The long-awaited date was announced after Spain's Supreme Court last month overruled a string of objections from his family, who had tried to halt the exhumation.
On Thursday, the remains will be relocated to Mingorrubio El Pardo, a state cemetery 20 kilometres (12 miles) north of the capital, and placed next to those of his wife.
Franco will be transferred to the Mingorubbia cemetery in El Pardo
“The exhumation and reburial (of his remains) will be done in an intimate manner with his family present,” Justice Minister Dolores Delgado said in a statement.
Franco, who ruled with an iron fist following the end of the 1936-39 civil war, is buried in an imposing basilica carved into a mountain in the Valley of the Fallen, 50 kilometres (30 miles) outside Madrid.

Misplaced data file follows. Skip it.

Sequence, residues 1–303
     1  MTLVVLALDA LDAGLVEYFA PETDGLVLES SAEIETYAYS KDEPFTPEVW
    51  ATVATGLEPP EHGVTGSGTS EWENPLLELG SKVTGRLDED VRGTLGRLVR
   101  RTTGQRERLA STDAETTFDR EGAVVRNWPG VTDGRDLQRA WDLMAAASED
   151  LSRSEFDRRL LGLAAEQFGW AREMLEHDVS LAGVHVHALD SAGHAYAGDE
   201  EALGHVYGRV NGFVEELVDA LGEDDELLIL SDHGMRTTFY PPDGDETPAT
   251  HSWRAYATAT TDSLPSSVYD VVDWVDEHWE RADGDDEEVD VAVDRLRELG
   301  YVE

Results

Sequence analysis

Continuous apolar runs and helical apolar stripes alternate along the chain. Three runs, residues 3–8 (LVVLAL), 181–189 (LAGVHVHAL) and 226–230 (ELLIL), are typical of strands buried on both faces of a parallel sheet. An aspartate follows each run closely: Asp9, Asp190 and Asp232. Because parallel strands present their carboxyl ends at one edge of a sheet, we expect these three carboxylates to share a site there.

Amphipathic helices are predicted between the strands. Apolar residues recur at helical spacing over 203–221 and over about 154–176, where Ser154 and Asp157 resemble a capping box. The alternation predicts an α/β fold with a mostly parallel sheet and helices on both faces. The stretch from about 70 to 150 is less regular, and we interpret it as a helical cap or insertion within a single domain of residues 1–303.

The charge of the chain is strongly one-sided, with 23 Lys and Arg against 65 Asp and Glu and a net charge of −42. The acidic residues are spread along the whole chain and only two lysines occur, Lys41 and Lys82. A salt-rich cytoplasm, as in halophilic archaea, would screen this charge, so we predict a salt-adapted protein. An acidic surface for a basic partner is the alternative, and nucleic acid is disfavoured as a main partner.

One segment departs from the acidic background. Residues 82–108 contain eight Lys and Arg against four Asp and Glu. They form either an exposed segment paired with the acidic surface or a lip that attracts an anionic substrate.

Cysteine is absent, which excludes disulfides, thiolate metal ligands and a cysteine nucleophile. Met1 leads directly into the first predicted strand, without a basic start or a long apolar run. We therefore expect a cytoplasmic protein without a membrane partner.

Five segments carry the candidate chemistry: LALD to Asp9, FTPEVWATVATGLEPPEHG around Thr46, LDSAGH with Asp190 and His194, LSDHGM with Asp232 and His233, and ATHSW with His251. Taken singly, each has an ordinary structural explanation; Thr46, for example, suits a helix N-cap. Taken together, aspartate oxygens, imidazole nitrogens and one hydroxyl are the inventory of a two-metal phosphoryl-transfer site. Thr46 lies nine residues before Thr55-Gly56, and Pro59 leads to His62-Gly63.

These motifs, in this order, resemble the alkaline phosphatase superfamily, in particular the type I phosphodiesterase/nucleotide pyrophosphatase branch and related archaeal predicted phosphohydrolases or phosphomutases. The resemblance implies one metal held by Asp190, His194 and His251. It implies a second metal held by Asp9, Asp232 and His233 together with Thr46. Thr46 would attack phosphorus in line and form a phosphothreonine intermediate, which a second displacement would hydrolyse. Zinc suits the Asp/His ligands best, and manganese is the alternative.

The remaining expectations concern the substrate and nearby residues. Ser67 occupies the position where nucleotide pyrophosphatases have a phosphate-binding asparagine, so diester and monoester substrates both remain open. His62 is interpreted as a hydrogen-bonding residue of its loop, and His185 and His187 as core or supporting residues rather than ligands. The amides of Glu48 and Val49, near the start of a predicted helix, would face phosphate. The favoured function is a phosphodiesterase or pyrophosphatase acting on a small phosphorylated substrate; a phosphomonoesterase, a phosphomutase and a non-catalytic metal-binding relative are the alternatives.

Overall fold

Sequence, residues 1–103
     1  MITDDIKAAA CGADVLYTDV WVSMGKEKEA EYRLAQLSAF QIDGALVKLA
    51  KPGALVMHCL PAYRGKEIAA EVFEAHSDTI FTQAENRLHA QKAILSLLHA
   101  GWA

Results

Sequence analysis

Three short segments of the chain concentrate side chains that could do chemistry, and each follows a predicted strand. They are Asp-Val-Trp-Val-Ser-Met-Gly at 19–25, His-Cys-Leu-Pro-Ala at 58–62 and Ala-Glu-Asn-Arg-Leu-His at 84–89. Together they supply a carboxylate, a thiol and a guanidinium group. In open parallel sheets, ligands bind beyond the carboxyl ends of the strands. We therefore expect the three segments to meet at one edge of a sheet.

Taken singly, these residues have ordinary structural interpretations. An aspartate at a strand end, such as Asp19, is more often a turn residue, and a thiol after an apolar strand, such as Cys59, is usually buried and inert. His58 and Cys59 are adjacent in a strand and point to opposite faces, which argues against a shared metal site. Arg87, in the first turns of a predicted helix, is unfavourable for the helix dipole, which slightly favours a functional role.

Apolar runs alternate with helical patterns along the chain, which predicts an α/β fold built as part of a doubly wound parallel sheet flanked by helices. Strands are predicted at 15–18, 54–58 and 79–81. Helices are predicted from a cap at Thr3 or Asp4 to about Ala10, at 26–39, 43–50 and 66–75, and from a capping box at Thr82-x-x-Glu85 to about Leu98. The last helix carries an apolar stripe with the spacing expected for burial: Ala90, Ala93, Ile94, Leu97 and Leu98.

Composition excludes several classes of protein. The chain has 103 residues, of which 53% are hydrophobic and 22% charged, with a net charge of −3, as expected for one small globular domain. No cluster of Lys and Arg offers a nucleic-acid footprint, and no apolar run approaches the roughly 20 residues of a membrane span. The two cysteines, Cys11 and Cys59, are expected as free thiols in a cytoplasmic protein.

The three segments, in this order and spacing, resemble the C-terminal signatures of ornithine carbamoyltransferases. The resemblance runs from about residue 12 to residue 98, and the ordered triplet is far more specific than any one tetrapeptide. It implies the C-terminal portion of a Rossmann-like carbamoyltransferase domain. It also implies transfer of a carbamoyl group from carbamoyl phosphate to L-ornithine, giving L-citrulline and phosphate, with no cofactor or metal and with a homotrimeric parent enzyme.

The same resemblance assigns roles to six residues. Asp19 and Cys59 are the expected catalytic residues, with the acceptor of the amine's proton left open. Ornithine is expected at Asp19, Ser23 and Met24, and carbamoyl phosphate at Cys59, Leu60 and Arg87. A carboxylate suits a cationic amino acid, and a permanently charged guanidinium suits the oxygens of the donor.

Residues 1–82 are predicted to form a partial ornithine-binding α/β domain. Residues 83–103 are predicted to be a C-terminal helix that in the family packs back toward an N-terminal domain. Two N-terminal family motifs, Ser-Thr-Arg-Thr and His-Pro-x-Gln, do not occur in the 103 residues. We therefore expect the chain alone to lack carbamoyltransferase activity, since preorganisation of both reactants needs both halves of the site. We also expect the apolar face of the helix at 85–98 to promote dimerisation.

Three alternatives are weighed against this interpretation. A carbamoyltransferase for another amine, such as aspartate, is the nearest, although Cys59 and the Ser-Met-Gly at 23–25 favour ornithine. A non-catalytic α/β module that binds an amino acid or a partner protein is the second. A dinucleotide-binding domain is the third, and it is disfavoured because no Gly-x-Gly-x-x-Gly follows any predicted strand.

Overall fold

The Valley of the Fallen is a site of great controversy. Photo: AFP
Moving Franco's remains has been a priority for the Socialist government of Pedro Sanchez, which has said Spain should not “continue to glorify” the dictator, whose hillside mausoleum is topped by a 150-metre (500-feet) cross and has attracted both tourists and rightwing sympathisers.
The move has divided opinion in Spain, which is still conflicted over the dictatorship that ended with Franco's death in 1975.
- EXPLAINED: Why Spain is on the verge of digging up General Franco
- Spain's Supreme Court approves immediate exhumation of Franco